E-Newsletter : Issue #009 New Chihuly Editions | Glass Artist



Publisher: Kenn Holsten
A free monthly e-newsletter from
Holsten Galleries, Stockbridge MA
Issue #9 – February/March 2004


In This Issue

Spring is Coming!

Probably many of you (not living in Florida, Arizona or California!) feel as we do around this time of the year: Enough with the cold and snow! Despite a good deal of both here in Stockbridge, the gallery has been unusually busy this winter. Winter also gives us some extra time to work on projects which we don’t get around to during the busier summer months. This winter and spring we are busy with website improvements, planning summer exhibitions, mounting new wall installations by Chihuly and Lino Tagliapietra and building a new display case upstairs. Before we know it the daffodils will be blooming and it will be time for SOFA-New York!


New Chihuly Editions

We have just received the new 2004 Studio Editions by Dale Chihuly. As you can see by the images, Chihuly has outdone himself this year in creating these small-scale masterworks in blown glass! The list prices which follow also include a handsome black and clear plexiglass display vitrine as well as a Chihuly book:

“Starlight Seaform Macchia” – $3000.
“Blue Sky Basket Set” – $4000.
“Tango Red Persian” – $5000.
“Carnival Macchia” – $6000.

We also have the 2003 Editions still available as well as a limited number of some Editions from previous years.


American Style Article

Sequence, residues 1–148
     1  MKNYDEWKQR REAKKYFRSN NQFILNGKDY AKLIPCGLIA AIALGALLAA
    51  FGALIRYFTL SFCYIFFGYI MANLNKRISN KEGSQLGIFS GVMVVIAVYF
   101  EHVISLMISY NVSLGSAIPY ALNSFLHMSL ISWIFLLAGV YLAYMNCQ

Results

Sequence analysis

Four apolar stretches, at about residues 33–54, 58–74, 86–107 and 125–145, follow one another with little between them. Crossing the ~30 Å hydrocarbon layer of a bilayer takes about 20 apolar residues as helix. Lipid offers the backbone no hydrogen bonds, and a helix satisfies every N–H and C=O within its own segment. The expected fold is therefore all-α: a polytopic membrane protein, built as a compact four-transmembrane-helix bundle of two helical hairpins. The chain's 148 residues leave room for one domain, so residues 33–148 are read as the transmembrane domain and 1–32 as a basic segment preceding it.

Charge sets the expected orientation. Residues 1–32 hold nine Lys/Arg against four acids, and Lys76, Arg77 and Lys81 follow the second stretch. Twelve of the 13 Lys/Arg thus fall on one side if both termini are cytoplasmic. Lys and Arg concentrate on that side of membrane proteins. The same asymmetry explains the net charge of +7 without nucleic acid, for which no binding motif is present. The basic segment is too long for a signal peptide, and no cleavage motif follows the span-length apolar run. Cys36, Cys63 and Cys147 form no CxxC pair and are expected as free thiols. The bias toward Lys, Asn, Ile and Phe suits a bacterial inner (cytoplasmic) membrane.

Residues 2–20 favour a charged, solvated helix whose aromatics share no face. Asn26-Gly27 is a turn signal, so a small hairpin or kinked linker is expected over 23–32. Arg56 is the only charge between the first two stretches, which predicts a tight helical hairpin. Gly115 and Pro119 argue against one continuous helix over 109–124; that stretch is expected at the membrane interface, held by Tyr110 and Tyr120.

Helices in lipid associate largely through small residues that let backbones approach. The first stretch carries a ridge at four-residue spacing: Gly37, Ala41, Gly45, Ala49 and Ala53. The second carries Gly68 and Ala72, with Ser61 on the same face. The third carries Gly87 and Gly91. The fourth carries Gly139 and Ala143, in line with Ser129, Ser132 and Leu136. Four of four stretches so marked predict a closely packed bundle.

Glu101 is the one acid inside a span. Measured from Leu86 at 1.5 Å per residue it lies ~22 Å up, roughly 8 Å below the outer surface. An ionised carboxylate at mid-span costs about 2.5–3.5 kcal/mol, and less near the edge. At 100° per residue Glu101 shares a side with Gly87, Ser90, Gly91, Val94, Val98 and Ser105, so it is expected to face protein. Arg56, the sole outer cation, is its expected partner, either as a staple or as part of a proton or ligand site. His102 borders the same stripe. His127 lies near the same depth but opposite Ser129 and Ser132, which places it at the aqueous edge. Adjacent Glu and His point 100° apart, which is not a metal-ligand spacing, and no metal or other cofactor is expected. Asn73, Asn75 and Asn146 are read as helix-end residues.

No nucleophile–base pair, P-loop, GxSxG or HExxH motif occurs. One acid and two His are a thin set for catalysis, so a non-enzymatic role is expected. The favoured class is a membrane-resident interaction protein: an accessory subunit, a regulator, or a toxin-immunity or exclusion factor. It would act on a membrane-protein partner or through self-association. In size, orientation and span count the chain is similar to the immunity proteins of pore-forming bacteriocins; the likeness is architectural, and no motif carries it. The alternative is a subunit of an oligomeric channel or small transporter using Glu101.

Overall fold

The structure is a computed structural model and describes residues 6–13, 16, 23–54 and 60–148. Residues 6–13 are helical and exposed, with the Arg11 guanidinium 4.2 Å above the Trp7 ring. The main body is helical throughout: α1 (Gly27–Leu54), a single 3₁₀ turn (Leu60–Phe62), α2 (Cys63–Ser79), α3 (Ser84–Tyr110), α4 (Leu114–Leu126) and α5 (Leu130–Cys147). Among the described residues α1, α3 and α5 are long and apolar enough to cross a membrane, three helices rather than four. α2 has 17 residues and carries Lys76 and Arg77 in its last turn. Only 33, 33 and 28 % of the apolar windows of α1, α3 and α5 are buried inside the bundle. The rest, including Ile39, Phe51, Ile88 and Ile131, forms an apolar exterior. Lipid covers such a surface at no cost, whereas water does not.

American Style Magazine has just given us permission to reprint the following article in this letter and on our website.

Looking Back, Reaching Forward

As founder of one of the first studio glass galleries in the country, Kenn Holsten reflects on the joys afforded by art and friendship.

By Abigail R. Esman
Photography by Paul Turnbull

Kenn Holsten’s days are an enviable intermingling of art, life and friendship. A former professor of Spanish literature and an accomplished classical guitarist, he first opened Holsten Galleries in Stockbridge, Mass., to help his friends and former wife, Chandra, sell their crafts, offering glass, ceramics, wood, weavings and art jewelry. Today, as the gallery celebrates its 25th anniversary, it is the coalescence of aesthetic object and the bonds to artists and collectors that he cherishes.

“It’s absolutely what I enjoy most about this business,” Holsten says. “It’s incredible how many wonderful, interesting people we get to be in touch with on a daily basis. The relationships I’ve formed with collectors, with my staff, with artists, have made this an amazing time in my life.”

Of Holsten Galleries’ long-time gallery co-director Jim Schantz, whom Holsten considers one of his best friends, he says, “We rarely go a day without speaking.” And Holsten has, over the years, cultivated close friendships with many gallery artists, traveling throughout the country and abroad to pay visits to their studios and families.

On a recent afternoon, Holsten Galleries, off a side street in the village, was packed with visitors. In this tranquil space, strangers chatted with one another amid masterworks by such artists as Dale Chihuly, William Morris, Christopher Ries and Sidney Hutter, wandering among fanciful Ruth Brockman masks, luminescent Sonja Blomdahl vessels and fragile Lino Tagliapietra arabesques.

The gallery, says Schantz, seldom shows emerging artists. “We just don’t have the space,” adds Holsten, “though we do review portfolios, and we pay attention, when we go to shows, to what is out there.” But it wasn’t always like that.